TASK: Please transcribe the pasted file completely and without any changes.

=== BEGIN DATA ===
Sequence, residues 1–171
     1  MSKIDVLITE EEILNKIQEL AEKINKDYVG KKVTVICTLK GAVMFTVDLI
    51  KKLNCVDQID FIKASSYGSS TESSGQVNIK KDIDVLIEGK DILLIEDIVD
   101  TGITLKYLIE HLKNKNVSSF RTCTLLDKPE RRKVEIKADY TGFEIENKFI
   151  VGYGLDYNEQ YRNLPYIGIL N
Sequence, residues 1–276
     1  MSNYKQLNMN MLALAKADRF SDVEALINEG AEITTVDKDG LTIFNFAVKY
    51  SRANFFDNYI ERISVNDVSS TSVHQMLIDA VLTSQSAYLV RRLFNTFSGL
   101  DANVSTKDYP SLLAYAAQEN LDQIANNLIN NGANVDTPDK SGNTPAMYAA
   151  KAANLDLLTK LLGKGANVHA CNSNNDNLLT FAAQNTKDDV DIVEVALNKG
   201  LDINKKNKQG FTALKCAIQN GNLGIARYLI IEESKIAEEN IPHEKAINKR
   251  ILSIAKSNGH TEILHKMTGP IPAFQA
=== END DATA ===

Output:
Sequence, residues 1–171
     1  MSKIDVLITE EEILNKIQEL AEKINKDYVG KKVTVICTLK GAVMFTVDLI
    51  KKLNCVDQID FIKASSYGSS TESSGQVNIK KDIDVLIEGK DILLIEDIVD
   101  TGITLKYLIE HLKNKNVSSF RTCTLLDKPE RRKVEIKADY TGFEIENKFI
   151  VGYGLDYNEQ YRNLPYIGIL N
Sequence, residues 1–276
     1  MSNYKQLNMN MLALAKADRF SDVEALINEG AEITTVDKDG LTIFNFAVKY
    51  SRANFFDNYI ERISVNDVSS TSVHQMLIDA VLTSQSAYLV RRLFNTFSGL
   101  DANVSTKDYP SLLAYAAQEN LDQIANNLIN NGANVDTPDK SGNTPAMYAA
   151  KAANLDLLTK LLGKGANVHA CNSNNDNLLT FAAQNTKDDV DIVEVALNKG
   201  LDINKKNKQG FTALKCAIQN GNLGIARYLI IEESKIAEEN IPHEKAINKR
   251  ILSIAKSNGH TEILHKMTGP IPAFQA